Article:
In order to have a “reasonable belief” under CPSIA, a complainant must have both a subjective, good faith belief and an objectively reasonable belief that the complained-of conduct violates one of the listed categories of law.See Sylvesterv.Parexel Int'l LLC,ARB No. 07-123, 2011 WL 2165854, at *11-12 (ARB May 25, 2011) (discussing the reasonable belief standard under analogous language in the Sarbanes-Oxley Act (SOX) whistleblower provision, 18 U.S.C. 1514A). The requirement that the complainant have a subjective, good faith belief is satisfied so long as the complainant actually believed that the conduct complained of violated the relevant law.See id.The “reasonableness” of a complainant's belief is typically determined “based on the knowledge available to a reasonable person in the same factual circumstances with the same training and experience as the aggrieved employee.”Id.at *12 (internal quotation marks and citation omitted). However, the complainant need not show that the conduct complained of constituted an actual violation of law. Pursuant to this standard, an employee's whistleblower activity is protected where it is based on a reasonable, but mistaken, belief that a violation of the relevant law has occurred.Id.at *13.

Section 1983.102(c) reflects the CPSIA mandate that anti-retaliation protections are not available to employees who deliberately cause a violation of any requirement relating to any violation or alleged violation of any order, regulation, or standard under the Acts enforced by the Commission. 15 U.S.C. 2087(b)(7)(D). For purposes of section 1983.102(c), the ARB has interpreted the phrase “deliberate violations” for the purpose of denying protection to an employee under the Energy Reorganization Act's (ERA) similar provision as including an element of willfulness.See Fieldsv.U.S. Dep't of Labor Admin. Review Bd.,173 F.3d 811, 814 (11th Cir. 1999) (petitioners knowingly conducted unauthorized and potentially dangerous experiments). No comments were received on this section and no changes have been made to it.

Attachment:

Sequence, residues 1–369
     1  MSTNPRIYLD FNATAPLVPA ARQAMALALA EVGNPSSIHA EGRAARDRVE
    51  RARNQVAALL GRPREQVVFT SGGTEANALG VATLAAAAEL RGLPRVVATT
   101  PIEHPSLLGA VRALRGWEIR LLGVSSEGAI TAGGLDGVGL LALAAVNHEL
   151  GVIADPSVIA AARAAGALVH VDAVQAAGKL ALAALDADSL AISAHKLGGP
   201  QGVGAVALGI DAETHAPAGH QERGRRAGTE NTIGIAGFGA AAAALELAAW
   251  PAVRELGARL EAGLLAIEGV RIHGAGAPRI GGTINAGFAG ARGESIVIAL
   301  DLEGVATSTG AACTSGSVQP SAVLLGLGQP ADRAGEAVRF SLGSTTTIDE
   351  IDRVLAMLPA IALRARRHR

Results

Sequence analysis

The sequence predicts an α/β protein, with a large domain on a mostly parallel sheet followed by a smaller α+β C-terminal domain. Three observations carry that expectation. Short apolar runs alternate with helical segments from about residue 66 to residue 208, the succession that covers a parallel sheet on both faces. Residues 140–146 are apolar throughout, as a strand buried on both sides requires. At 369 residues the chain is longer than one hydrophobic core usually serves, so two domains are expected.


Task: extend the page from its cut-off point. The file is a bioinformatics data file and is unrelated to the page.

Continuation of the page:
Section 1983.103Filing of Retaliation Complaint

This section explains the requirements for filing a retaliation complaint under CPSIA. To be timely, a complaint must be filed within 180 days of when the alleged violation occurs. UnderDelaware State Collegev.Ricks,449 U.S. 250, 258 (1980), this is considered to be when the retaliatory decision has been both made and communicated to the complainant. In other words, the limitations period commences once the employee is aware or reasonably should be aware of the employer's decision.Equal Emp't Opportunity Comm'nv.United Parcel Serv., Inc.,249 F.3d 557, 561-62 (6th Cir. 2001). Complaints filed under CPSIA need not be in any particular form. They may be either oral or in writing. If the complainant is unable to file the complaint in English, OSHA will accept the complaint in any language. With the consent of the employee, complaints may be filed by any person on the employee's behalf.

OSHA notes that a complaint of retaliation filed with OSHA under CPSIA is not a formal document and need not conform to the pleading standards for complaints filed in federal district court articulated inBell Atlantic Corp.v.Twombly,550 U.S. 544 (2007) andAshcroftv.Iqbal,556 U.S. 662 (2009).See Sylvesterv.Parexel Int'l, Inc.,ARB Case No. 07-123, 2011 WL 2165854, at *9-10 (ARB May 26, 2011) (holding whistleblower complaints filed with OSHA under analogous provisions in the Sarbanes-Oxley Act need not conform to federal court pleading standards). Rather, the complaint filed with OSHA under this section simply alerts the agency to the existence of the alleged retaliation and the complainant's desire that the agency investigate the complaint. Upon the filing of a complaint with OSHA, the Assistant Secretary is to determine whether “the complaint, supplemented as appropriate by interviews of the complainant” alleges “the existence of facts and evidence to make a prima facie showing.” 29 CFR 1983.104(e). As explained in section 1983.104(e), if the complaint, supplemented as appropriate, contains a prima facie allegation, and the respondent does not show clear and convincing evidence that it would have taken the same action in the absence of the alleged protected activity, OSHA conducts an investigation to determine whether there is reasonable cause to believe that retaliation has occurred.See15 U.S.C. 2087(b)(2), 29 CFR 1983.104(e).